But the story goes something like this, plus or minus some miscommunication and hyperbole. Oke knew a group of men scattered around the country involved in marijuana importation. He’d met them partying in Killington before his bust. Now, they proved useful acquaintances: he earned a roll processing a particularly big load.
One day, an 18-wheeler croaked into Killington, into Oke’s driveway. It would take many months to deal with. He and some buddies opened it up, weighed the bags of marijuana inside, weighed the bills inside (when you deal with a lot of money, you don’t have time to count; you weigh.) The 10- and 20-dollar bills hit the scales, the 50s and 100s were double checked. Pot was packaged in 50-pound bundles.
The weed — according to Oke — was reggie, mids, take your pick of sub-par slang, the stuff you sell, not the stuff you smoke. Inside the burlap sacks packed by Colombian farmers someone had added baseball-sized stones to increase the import weight — somewhere along the way, someone got paid by weight, a hurried transaction it must have been.
So, with Oke’s place as home base, he and his friends sold the weed, keeping pounds of seeds for later grow projects, then moving marijuana in all quantities.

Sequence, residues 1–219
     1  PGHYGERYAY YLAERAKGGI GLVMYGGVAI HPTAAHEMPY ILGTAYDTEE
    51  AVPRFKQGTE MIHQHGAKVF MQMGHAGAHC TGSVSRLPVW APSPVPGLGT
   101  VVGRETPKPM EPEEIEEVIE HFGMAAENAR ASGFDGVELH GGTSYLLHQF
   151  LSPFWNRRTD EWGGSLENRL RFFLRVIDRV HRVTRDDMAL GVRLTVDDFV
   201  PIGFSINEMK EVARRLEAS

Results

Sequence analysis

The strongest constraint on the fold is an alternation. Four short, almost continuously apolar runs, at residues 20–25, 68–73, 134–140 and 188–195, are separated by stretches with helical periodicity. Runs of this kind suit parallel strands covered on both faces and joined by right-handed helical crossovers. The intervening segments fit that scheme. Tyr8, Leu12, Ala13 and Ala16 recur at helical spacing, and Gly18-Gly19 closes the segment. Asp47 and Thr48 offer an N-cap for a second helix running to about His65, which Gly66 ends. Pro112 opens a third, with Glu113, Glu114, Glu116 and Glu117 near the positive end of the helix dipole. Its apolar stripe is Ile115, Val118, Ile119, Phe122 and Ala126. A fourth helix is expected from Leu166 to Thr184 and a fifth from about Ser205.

This one 18-wheeler deal was the largest of Oke’s life. He was a mere middleman, an accountant, not needing to move the stuff himself though pocketing some to sell. He proved himself reliable to this cadre of importers. From then on, he had as much work as he wanted.
The 70s were high times, mustaches, hookers, cocaine, powder days. Oke captured them with his camera. As he tells it, his days post-bust involved hours — at least four, often more — driving within a 33 mile radius of Killington. He tried to hit every single road twice a year, just to enjoy them and photographing the whole way. Radio tuned to VPR, typically in a Saab — his favorite — Oke chugged on. He stopped at any yard sale he passed, and these sales, he says, account for nearly all his possessions. He harbors a fondness for all things Native American — a relic of the hippie days, no doubt, though Oke himself does not, besides the lack of electricity, live the life of Romanticized indigeneity.
Toward the end of the ’70s, Oke got a bit more serious about dealing. The work brought him south, to Florida, shuttling car-loads of pot from Miami to various locations across the Eastern seaboard.